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January 24, 2011

Is Google Analytics The Best Way To Record Website Visitor Statistics?

When you’ve set up a website and you’ve gone live to the world, the first thing you’ll want to know is who’s been visiting your site and how did they like it. So, how do you check your website visitor statistics, the number of visitors, where they came from, what they did on the site, etc?

Well, you need to use some form of visitor tracking, which is a piece of code that you add to your site that does all that for you. The code will link to a tracking facility and record statistics about your visitors and where they go on your site.

Probably the best known and most widely used is Google Analytics. It’s free and it’s available at Google.com, all you have to do is sign up for an account.

When you put in your information, Google analytics will generate a specific code for your site, which you can paste in to the page you want tracked or into your main website template. It’s really simple to do in HTML if you’re using a blog or content managed system, or it will take your webmaster just a couple of minutes to do it for you.

Then, once the system has been running for a few days, you’ll get an incredible amount of useful information on the performance of your site. Some of this information is very detailed and will be of more use as you get more experienced with the site and your marketing campaigns but, for now, you’ll probably find that the dashboard showing an overview of your site performance is enough to start with.

The dashboard comes up when you sign in to your site’s account. Shown on it are the key results that you can use to assess your site’s performance and each element on the dashboard can be expanded to show more and more detail within that element.

The first element is a graph showing the number of visitors each day, usually what most people initially want to see. For more detail, you can pick alternative statistics like what percentage were new visitors, how long they were on the site, how many pages they viewed and how many left without viewing a second page (the bounce rate).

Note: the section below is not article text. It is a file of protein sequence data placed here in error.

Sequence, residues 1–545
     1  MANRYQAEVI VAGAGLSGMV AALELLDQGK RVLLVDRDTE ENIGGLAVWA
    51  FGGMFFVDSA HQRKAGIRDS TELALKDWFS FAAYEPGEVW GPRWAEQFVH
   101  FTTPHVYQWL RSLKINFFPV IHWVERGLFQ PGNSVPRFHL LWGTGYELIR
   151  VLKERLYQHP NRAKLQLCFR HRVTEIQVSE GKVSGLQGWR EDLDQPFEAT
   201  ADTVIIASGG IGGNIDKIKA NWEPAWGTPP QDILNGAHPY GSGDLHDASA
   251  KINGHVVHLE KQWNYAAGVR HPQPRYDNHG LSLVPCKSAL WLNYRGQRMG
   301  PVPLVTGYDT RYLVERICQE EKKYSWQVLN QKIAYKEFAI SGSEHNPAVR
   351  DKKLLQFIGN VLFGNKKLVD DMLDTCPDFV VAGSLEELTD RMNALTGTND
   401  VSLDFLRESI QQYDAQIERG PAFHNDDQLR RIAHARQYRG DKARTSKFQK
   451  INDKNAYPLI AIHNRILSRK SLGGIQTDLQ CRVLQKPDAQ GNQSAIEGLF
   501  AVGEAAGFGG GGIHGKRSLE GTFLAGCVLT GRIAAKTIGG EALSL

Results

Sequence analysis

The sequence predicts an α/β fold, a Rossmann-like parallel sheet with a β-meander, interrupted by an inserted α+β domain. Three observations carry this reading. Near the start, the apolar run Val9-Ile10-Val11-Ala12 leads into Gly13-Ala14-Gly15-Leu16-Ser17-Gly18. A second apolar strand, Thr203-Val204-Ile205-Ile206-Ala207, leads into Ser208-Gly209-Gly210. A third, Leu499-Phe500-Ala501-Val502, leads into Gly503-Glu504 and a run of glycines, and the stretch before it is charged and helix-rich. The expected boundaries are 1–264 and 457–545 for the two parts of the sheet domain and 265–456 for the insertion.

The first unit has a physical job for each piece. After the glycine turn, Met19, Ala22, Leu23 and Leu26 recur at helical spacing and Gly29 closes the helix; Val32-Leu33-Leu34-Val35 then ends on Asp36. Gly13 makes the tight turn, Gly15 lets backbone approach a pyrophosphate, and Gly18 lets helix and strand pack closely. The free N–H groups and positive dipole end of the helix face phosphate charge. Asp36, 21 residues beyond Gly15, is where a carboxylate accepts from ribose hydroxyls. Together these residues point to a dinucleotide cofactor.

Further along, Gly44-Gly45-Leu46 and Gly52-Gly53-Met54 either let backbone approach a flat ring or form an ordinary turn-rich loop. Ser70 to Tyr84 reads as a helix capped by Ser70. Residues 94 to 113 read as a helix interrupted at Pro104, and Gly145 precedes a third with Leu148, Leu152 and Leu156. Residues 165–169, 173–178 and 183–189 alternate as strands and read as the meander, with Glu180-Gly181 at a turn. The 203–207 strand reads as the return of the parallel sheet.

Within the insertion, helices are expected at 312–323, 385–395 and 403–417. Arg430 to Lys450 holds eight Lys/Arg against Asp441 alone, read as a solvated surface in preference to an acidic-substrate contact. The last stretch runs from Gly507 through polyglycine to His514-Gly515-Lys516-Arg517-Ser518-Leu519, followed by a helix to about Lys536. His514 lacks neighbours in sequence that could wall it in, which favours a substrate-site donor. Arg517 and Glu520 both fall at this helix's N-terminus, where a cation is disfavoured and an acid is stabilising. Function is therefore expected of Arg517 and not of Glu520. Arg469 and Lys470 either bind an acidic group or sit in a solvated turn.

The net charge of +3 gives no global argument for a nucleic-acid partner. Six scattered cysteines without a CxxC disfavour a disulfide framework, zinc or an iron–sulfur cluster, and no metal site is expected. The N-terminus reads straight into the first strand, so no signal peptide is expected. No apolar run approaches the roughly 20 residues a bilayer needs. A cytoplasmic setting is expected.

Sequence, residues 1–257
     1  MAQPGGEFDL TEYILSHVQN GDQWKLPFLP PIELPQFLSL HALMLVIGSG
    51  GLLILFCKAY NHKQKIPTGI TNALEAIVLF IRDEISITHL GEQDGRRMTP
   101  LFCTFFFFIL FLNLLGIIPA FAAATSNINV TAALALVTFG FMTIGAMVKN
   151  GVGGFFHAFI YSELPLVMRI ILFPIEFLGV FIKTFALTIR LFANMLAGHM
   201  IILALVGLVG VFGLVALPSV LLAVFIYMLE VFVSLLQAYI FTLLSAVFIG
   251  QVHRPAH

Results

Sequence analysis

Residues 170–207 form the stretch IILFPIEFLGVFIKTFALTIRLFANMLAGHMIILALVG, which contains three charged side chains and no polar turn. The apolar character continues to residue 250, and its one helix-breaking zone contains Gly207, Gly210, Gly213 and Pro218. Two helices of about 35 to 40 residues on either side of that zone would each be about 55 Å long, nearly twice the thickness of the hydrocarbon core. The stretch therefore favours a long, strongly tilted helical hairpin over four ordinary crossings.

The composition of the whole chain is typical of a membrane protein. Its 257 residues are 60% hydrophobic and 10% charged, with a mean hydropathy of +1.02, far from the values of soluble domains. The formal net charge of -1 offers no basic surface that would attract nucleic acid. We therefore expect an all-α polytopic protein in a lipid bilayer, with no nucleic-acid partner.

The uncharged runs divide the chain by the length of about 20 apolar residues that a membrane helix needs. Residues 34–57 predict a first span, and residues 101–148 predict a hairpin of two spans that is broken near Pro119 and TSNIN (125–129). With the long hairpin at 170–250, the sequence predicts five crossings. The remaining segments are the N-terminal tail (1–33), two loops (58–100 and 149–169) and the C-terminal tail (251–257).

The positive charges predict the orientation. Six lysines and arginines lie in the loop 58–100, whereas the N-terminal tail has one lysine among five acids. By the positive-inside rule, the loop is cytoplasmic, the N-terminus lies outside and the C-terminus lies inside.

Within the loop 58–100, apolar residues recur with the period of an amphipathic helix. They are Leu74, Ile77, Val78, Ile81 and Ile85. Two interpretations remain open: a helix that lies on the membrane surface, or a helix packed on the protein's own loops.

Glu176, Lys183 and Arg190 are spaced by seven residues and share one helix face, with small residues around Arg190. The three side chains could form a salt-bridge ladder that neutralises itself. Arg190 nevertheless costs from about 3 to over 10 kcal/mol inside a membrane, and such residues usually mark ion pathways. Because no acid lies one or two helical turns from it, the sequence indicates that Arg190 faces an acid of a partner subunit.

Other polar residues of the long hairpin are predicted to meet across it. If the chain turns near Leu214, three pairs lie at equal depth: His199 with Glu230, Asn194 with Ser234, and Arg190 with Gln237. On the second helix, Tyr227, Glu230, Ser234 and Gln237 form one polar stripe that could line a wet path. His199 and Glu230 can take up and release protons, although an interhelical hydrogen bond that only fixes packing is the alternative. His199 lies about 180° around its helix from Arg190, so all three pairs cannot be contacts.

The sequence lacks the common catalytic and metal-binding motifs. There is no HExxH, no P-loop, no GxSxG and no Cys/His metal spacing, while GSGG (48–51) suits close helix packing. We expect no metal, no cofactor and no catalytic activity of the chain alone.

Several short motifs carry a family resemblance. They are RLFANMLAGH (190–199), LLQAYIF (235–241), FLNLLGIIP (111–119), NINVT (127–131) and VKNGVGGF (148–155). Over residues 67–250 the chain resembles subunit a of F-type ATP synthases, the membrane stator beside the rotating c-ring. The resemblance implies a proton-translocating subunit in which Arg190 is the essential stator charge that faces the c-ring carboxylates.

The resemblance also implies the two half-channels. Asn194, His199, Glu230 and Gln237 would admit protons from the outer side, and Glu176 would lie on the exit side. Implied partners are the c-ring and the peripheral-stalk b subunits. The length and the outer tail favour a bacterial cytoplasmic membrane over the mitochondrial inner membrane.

This is the information that will tell you how many people you’re getting to your site and how interesting they’re finding it when they get there.

In the content overview window, you can find these statistics for each of the individual pages on your site. Here, there’s even more detail available, for example, which page visitors entered or exited by, or which keywords they used to find that page.

When you look at all this information, at first it may just be too much, but, as you experiment with it, you’ll find that it contains the feedback you need to make changes to your site and content, so that visitors stay longer and view more pages.

Also on the dashboard you’ll find a map showing the visitor numbers by specific countries. This map gives you access to your detailed visitor statistics on a country by country basis, so that you can target your content more specifically.

The last element on the dashboard is the traffic sources report, which shows the percentage of traffic coming to your site directly, through referring sites and via search engines.

If you are regularly writing articles or getting links from videos or other sites, (all very effective and free ways of increasing your traffic), then this report will be of great interest. As well as showing the total percentage/number of visits through referral sites, it will also show, in more detail, every site that is referring traffic to you and the number of visitors coming from each one. This information is essential to gaining a really good picture of how your article submission sites or individual referral links are performing.

As you will see, Google analytics is an indispensable free tool which will become more and more useful as you develop your site and begin using paid methods to bring in traffic.

When you’re at that stage, you can start setting targets and using the more advanced reports available to confirm that you’re getting positive results for your expenditure and actually making a profit. But more on that in another article.


Shirley Crichton is a UK information marketer, passionate about sharing what she has learned with people new to this often confusing world . Do you want to learn more about getting your internet marketing business started and profitable? Claim your free and comprehensive 95-page report ‘Online Marketing Made Easy’ at www.ShirleysOnlineMarketing.com to give yourself a head start.

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